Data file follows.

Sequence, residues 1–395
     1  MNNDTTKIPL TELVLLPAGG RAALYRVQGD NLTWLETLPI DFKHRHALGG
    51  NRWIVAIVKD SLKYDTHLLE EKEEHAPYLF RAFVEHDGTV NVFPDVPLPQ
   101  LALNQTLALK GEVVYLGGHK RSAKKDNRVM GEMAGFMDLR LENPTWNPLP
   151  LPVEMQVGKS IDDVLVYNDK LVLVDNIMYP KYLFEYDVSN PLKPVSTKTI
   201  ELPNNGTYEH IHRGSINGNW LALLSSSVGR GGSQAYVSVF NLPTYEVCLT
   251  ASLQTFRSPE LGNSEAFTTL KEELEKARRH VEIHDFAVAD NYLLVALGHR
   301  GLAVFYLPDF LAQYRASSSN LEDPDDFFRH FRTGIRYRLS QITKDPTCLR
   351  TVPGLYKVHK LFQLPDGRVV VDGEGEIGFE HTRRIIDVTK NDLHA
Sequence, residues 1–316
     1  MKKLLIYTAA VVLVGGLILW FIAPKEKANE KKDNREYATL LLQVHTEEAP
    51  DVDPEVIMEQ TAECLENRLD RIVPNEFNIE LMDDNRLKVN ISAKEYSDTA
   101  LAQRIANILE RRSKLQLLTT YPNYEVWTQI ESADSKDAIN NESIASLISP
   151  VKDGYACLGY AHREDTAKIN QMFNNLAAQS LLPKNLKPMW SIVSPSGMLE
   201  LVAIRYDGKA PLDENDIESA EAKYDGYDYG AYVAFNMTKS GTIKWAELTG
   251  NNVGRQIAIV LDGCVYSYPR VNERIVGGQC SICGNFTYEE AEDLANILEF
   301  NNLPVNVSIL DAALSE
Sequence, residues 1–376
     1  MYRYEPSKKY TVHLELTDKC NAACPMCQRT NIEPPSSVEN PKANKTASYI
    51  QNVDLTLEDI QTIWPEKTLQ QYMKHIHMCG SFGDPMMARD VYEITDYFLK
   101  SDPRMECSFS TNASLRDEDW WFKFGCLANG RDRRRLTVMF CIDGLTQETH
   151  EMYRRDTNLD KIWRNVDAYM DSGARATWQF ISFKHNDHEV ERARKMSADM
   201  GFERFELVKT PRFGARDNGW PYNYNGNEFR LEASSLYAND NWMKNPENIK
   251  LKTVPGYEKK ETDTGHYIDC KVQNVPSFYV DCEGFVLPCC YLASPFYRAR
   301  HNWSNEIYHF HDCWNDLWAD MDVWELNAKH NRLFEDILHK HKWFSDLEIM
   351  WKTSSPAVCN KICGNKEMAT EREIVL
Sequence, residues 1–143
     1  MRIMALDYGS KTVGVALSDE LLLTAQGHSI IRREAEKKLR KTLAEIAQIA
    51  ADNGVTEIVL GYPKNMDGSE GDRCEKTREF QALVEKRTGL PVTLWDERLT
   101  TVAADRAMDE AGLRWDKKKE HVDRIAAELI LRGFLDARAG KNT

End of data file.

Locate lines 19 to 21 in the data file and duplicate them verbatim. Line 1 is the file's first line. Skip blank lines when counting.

     1  MYRYEPSKKY TVHLELTDKC NAACPMCQRT NIEPPSSVEN PKANKTASYI
    51  QNVDLTLEDI QTIWPEKTLQ QYMKHIHMCG SFGDPMMARD VYEITDYFLK
   101  SDPRMECSFS TNASLRDEDW WFKFGCLANG RDRRRLTVMF CIDGLTQETH